I also remember the heartbreak I felt and the pain of not understanding why Mommy and Daddy were no longer together. I couldn’t count on my fingers and toes how many times I wished and prayed that my parents would get back together.
One day, when I was at my dad’s, I went into my room and on my toy chest was a children’s book called Dinosaur’s Divorce. I didn’t know how or why it was there, but I picked it up and began to read. It was a great book that really helped me understand, and I don’t know how many times I read it. Sometimes I’d read it cover-to-cover and other times I’d pick out a section or two to read.
I didn’t know it at the time, but my father had bought that book for me. He had purposely placed it in a spot in my room where he knew I would see it. My parents had also decided together to send me to the elementary school counselor so I could talk and come to terms with the divorce.
My parents did so much for my brother and I, and I don’t ever remember seeing or hearing the fights I remember from the time they were married. I remember when I fractured my right wrist, my mother came and got both my father and I. We had to go to a bigger town that night, because I needed surgery. I woke up the next morning, and both of my parents were in the room with me. They didn’t fight, they didn’t say any nasty things to each other, they were just there for me because they knew I needed them.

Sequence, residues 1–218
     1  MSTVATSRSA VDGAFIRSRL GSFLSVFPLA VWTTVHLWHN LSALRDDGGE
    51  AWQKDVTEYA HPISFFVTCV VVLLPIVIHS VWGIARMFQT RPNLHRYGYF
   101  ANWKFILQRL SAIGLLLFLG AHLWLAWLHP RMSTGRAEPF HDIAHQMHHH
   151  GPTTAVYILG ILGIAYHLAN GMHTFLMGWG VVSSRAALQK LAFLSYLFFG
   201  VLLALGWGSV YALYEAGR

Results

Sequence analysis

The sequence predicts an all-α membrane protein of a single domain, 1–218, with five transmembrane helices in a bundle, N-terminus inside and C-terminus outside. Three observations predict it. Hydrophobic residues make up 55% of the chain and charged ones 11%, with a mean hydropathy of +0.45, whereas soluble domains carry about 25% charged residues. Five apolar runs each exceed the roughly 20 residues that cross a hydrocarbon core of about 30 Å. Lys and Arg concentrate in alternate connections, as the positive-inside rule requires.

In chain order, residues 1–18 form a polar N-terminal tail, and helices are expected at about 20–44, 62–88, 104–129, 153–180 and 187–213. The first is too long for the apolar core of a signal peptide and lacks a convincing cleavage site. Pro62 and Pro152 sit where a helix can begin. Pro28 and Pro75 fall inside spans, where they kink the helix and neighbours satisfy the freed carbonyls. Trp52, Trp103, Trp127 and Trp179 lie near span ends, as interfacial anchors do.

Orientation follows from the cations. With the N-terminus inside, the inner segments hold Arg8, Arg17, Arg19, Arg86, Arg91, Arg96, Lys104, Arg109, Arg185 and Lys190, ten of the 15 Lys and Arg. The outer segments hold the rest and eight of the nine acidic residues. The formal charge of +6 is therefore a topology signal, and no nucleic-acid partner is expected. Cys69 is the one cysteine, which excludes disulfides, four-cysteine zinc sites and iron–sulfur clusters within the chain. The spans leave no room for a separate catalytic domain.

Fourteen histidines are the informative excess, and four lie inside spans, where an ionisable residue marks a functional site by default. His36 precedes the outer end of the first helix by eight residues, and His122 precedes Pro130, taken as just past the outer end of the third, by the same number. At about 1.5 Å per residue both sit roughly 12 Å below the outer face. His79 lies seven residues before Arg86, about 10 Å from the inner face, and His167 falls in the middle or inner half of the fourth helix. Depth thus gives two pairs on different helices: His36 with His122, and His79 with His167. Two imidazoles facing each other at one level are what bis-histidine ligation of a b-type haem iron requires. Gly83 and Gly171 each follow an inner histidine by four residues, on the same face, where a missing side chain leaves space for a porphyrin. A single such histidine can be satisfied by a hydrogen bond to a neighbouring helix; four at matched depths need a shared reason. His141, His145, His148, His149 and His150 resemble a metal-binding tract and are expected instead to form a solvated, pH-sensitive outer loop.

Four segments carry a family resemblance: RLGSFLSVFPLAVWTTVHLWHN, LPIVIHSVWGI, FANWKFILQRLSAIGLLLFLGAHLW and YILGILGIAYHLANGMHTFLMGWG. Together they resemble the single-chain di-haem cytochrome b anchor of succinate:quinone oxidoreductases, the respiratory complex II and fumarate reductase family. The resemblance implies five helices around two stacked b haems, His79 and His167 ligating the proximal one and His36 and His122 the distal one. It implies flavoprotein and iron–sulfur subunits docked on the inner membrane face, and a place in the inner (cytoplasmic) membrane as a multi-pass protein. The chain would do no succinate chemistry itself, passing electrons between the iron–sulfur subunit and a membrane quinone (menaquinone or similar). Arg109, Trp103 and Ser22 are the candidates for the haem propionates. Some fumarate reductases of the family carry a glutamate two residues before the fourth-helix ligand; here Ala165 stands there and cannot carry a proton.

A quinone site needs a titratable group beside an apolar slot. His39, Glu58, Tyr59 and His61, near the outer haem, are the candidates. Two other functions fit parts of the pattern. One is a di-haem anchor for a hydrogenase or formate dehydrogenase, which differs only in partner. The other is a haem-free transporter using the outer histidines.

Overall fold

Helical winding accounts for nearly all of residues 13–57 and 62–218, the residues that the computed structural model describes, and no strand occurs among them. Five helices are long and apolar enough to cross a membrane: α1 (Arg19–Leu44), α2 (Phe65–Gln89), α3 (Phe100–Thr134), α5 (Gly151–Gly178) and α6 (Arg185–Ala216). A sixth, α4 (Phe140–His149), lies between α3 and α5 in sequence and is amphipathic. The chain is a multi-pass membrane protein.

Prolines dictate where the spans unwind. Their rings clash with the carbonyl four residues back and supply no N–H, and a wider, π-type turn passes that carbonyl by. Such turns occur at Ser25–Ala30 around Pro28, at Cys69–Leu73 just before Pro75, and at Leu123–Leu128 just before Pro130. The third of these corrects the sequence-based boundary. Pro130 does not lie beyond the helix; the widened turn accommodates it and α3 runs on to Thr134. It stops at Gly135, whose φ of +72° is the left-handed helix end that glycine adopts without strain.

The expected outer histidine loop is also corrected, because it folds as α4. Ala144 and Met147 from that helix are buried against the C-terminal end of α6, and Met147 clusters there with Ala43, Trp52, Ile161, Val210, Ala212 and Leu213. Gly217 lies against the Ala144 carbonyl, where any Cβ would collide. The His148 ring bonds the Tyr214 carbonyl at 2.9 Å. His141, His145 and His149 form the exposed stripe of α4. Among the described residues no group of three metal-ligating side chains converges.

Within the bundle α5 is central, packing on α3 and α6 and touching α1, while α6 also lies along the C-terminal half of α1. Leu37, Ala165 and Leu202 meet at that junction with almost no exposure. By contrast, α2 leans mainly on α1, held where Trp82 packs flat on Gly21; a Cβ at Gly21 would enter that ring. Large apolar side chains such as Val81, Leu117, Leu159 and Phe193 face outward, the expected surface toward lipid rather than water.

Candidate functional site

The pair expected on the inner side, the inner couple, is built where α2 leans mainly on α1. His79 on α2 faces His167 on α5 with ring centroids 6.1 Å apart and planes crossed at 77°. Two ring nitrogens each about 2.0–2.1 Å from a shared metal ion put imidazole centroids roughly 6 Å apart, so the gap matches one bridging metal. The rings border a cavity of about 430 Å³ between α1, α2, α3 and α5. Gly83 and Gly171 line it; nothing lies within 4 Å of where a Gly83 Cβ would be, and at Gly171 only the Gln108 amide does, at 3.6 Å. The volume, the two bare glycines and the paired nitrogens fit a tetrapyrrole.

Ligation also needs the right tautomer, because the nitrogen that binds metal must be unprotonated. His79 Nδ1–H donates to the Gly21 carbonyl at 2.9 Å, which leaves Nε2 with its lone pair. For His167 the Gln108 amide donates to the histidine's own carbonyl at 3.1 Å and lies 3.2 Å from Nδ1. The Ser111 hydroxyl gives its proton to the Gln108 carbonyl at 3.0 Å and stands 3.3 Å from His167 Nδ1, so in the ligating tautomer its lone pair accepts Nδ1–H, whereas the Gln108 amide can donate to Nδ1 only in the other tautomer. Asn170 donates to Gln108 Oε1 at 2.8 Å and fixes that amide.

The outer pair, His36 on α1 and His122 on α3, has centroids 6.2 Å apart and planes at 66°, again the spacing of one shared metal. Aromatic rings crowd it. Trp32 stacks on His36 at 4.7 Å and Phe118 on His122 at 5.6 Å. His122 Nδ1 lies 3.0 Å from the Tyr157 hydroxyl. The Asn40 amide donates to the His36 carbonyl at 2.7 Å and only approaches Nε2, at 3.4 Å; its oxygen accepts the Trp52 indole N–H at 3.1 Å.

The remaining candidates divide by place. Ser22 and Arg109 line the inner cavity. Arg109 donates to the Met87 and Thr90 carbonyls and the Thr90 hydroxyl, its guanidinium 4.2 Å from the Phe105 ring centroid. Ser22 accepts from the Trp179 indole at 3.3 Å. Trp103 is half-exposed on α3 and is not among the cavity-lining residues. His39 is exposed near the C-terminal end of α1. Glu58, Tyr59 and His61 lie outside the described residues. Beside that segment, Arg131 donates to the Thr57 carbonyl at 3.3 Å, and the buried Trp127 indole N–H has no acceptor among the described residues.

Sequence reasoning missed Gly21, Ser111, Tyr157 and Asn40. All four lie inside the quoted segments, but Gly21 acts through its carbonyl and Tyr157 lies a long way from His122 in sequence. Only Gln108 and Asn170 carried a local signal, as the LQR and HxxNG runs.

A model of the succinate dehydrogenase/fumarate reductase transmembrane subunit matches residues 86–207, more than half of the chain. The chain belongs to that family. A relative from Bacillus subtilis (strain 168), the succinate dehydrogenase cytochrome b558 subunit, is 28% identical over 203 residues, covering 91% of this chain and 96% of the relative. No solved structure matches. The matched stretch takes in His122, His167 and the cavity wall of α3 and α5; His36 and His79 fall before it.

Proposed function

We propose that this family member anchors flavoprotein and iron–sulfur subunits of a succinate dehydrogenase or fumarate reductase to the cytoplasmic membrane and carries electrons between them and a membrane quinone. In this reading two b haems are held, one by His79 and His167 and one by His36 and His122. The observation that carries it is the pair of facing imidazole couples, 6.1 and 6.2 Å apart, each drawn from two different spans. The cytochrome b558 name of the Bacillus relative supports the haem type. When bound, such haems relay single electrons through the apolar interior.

When my brother hurt his back, both of my parents were there for him because he needed them. Through everything from surgery to IEP meetings, both of my parents were there for me and my brother. Whatever the problem was, if it concerned me or my brother, my parents put all of the things between them aside because they knew we needed them to be our mom and dad. I know that to this day, if I have an accident tomorrow, both of my parents would be there within just a few hours. If the doctor told them I might need some form of therapy, they would discuss and decide what to do and where I would be getting that therapy together. My wonderful stepparents may offer to help, (my stepmother is great at doing internet research), but in the end my mother and father would decide. Though they are divorced, they have never once put their broken marriage before me and my brother and they never will.
Now, I don’t know about other people, but this is what I saw in my parents as a child. As I got older I started to understand more and more as to why my parents didn’t work out and why they did what they did. It makes me love and appreciate both of my parents that much more.
To all of you single parents out there, keep feeding those kids the cheap cereal, the boxed mac 'n’ cheese, and the homemade pizzas. Keep making those kids take those gross tasting vitamins when they are with you and keep doing your best. Keep loving your kids. They won’t know that you struggled paycheck to paycheck, that you cried at night because of the pain you felt, or that you are literally struggling to find them new clothes because they won’t stop growing. When they get older, they’ll remember the dinosaur nuggets, the laughs, the gross-tasting vitamins, and most of all, they will remember that you loved them.
And if you are lucky enough to have an ex that works with you as well as my parents worked with each other, they will remember that, too.
As they get older, reality will start to take hold and they’ll realize that the reason they had boxed mac 'n’ cheese a lot was because that was all you could afford. However, the nostalgia of childhood will still be there, and they’ll still smile and I hope that one day they will tell you, “thank you,” because you deserve it.